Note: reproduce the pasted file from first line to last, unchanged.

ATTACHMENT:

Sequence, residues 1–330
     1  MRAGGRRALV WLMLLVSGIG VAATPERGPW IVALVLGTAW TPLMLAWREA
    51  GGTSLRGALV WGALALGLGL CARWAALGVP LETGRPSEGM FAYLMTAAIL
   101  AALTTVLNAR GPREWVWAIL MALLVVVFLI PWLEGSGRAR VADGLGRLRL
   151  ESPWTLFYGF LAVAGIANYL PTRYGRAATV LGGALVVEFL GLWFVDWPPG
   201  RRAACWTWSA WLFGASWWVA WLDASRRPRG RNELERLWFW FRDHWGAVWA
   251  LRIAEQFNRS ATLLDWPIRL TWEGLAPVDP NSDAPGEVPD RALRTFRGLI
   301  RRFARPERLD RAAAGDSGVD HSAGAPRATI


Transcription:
Sequence, residues 1–330
     1  MRAGGRRALV WLMLLVSGIG VAATPERGPW IVALVLGTAW TPLMLAWREA
    51  GGTSLRGALV WGALALGLGL CARWAALGVP LETGRPSEGM FAYLMTAAIL
   101  AALTTVLNAR GPREWVWAIL MALLVVVFLI PWLEGSGRAR VADGLGRLRL
   151  ESPWTLFYGF LAVAGIANYL PTRYGRAATV LGGALVVEFL GLWFVDWPPG
   201  RRAACWTWSA WLFGASWWVA WLDASRRPRG RNELERLWFW FRDHWGAVWA
   251  LRIAEQFNRS ATLLDWPIRL TWEGLAPVDP NSDAPGEVPD RALRTFRGLI
   301  RRFARPERLD RAAAGDSGVD HSAGAPRATI